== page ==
Zandhunga plays for the Georgia Strait Jazz Society Thursday.

Zandhunga plays for the Georgia Strait Jazz Society Thursday.

Georgia Strait Jazz goes Latin with Zandhunga

Thursday, 7:30 p.m. at the Avalanche

Malcolm Holt

Special to The Record

Following last week’s cool jazz, music at the Avalanche Bar takes a Latin spin when Zandhunga takes the stage at 7:30 p.m. Thursday.

This combo never fails to bring its own fans wherever they may be appearing and this week the Georgia Strait Jazz Society is appealing to dancers, as part of the floor will be cleared for those so inclined.

Zandhunga is: Oscar Robles Diaz – congas, timbales, vocals; Britt Bowman – bass, vocals; Kelly Thomas – keyboard, vocals; Jake Masri – trumpet, flugelhorn, and Jeff Agopzowicz – slide trombone.

Rachel Fuller, saxophone, makes an appearance as a special guest in this show.

This is a locally-based ensemble that began in Mexico in 2009, at the time with more Latin members than Canadian-born, but now the reverse is the case. Trombonist Jeff Agopsowicz is the most recent addition and has already contributed some of his original compositions to the repertoire.

“Having a trombone in the band is pretty essential to salsa music,” Bowman said. “We were making do as a quartet but were always on the lookout for a trombonist. We couldn’t believe our luck when Jeff decided to try out a rehearsal. He already had experience playing with salsa bands in Victoria, and he picked up on what we were doing right away. Sometimes, it really is just about being patient and waiting for the right player to come along.”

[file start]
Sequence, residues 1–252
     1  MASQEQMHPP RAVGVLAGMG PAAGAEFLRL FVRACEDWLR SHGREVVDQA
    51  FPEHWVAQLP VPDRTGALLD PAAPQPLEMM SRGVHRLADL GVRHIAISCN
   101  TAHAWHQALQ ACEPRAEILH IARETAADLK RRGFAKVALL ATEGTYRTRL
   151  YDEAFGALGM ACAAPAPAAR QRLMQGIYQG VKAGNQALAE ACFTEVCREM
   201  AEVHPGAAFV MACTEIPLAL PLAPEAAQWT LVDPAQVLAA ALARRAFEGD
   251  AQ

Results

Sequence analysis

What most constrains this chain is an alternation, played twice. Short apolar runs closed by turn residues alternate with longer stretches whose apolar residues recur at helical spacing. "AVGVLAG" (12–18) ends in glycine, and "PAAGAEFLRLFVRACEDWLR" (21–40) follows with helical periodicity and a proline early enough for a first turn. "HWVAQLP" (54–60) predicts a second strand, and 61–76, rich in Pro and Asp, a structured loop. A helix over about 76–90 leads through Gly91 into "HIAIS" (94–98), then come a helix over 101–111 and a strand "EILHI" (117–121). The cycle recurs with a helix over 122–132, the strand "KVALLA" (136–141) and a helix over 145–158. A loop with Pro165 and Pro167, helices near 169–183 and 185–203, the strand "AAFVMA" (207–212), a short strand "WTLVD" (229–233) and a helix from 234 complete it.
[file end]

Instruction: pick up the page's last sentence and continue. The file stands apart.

More specifically, the band’s Latin music includes salsa, as well as cha-cha-cha, Latin-jazz, and cumbia. Recently, Zandhunga’s focus has been on polishing a high-energy repertoire of salsa dura for those with an insatiable thirst for dance music. Separate from that, the band has also been working on mounting a fully instrumental set of Latin-jazz classics.

“Since its birth in the 1970s, salsa music and dance has gone on to conquer the world,” said Bowman.

“Since it is arguably Latin, it is common for people to make the mistake of thinking salsa was born in Latin America, particularly in Cuba, Puerto Rico or the Dominican Republic, as it so clearly has origins from those countries. In fact, salsa was born in New York in the 1970s. American jazz had a significant influence in the birth of salsa, along with Cuban Son Montuno, Puerto Rican Plena and various other traditionally Afro-Latin components.”

So if you love Latin American music and dancing, this is your night! Admission is $10 for members, $12 for non-members. Follow us on Facebook, or visit georgiastraightjazz.com for more information about the Society’s activities.

 

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